No matter where you may be in your fitness journey, dumbbells should be a part of it. Not only are they convenient to use and store, dumbbells are relatively inexpensive, and their versatility makes them useful for a wide variety of workouts. All of this adds up to a smart investment for both your body and your wallet. Here’s more on why dumbbells take the top spot for workout equipment.
Cost of Dumbbells
“Dumbbells are an excellent low-cost option for strength training and even metabolic conditioning,” explains Mary Edwards, Fitness Director and Professional Fitness Trainer at Cooper Fitness Center in Dallas. “They’re easily accessible and sold in most major athletic retail stores and online.”
Okay, so how much will you have to spend? The cost is relative to the weight of the dumbbell, says Edwards, meaning heavier dumbbells will cost more. If heavier happens to be outside your price point, worry not; you can still get a great workout with lighter – less expensive – dumbbells. “You can manipulate your rep scheme by doing a higher number of reps or increase the work to rest ratio to challenge to your skeletal and muscular systems,” she suggests. Keep the rep range lower and rest periods longer with heavier dumbbells, and bump up the reps and decrease rest times with lighter weights.
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Versatile and Effective
The American College of Sports Medicine recommends adults get in at least two days of full-body strength training per week, and according to Edwards, dumbbells provide an easy means to accomplish this. “They can be used for any multi-joint movement that targets major muscle groups of the body—such as squats and chest presses,” she explains.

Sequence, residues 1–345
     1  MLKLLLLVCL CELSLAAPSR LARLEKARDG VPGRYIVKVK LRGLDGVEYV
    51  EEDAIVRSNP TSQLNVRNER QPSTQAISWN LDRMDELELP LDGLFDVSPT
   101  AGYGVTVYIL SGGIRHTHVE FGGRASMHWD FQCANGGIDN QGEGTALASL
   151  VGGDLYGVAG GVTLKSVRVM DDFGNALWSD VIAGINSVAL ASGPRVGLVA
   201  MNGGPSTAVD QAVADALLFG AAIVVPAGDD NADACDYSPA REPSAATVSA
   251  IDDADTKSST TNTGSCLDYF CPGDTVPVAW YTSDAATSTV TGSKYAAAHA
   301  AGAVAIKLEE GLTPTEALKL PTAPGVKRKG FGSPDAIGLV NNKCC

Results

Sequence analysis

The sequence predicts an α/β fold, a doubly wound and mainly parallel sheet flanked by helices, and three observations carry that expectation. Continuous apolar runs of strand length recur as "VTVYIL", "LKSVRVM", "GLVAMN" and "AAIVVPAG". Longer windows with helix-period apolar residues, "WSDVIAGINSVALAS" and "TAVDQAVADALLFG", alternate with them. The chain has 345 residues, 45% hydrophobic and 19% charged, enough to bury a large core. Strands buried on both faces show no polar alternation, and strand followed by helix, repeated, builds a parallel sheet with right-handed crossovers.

Dumbbells can be used in a variety of upper and lower body and core exercises, and they’re also a convenient option because they can be used pretty much anywhere: the gym, home, and even outdoors. “Dumbbells don’t require any setup – just grab and move,” says Edwards. They’re easily transported, don’t take up much room, and if using two is too much, just drop one and keep going. When you have access to a set of dumbbells, the sky’s the limit on your choices of exercises and workouts.
Dumbbells’ Body Benefits
Resistance training is vital to optimal health and fitness, and Edwards notes that among other things, it improves balance, blood glucose management, sleep, heart tissue health, metabolic rate and body composition. “Dumbbells are great for strength training, specifically loading the skeletal system to improve bone density,” she explains. “They also challenge the muscular system to enhance lean mass, metabolism, and ultimately function.”
Another benefit to using dumbbells in your strength workouts: Unilateral training. Working out with dumbbells helps to balance strength since they provide equal load to both sides of the body. Dumbbells can be the ideal external resistance when doing isolation exercises for specific muscle groups—like the biceps in your arms, and they’re just as useful for multi-planar movements—such as walking lunges—to work several muscle groups simultaneously.
When looking for dumbbells, Edwards, a National Strength and Conditioning Association Certified Strength and Conditioning Specialist, says no one particular type is superior to another. The most important consideration is to select the load or range of load that you need.
“The type of dumbbell you choose may be related to the actual weight of the dumbbell,” she explains. “You’ll find that vinyl-covered dumbbells come mostly in lighter weights, whereas adjustable dumbbells come in heavier loads, ranging from as high as 50 to100 pounds. Rubber-end dumbbells usually cover a wide range of weights,” she says. Whatever you choose, Edwards agrees they’re equally good.
As mentioned earlier, just about any size dumbbell will do the trick, however, if you have the budget, you may want to invest in two or three ascending sets of weights. A small assortment of dumbbells will allow you to choose the appropriate weight based on the size and number of muscle groups you’re working. For example, you’ll be able use the heavier weights when working legs and lighter for triceps and biceps, or use one heavier dumbbell when doing a multi-joint combination exercise, such as a reverse lunge with rotation.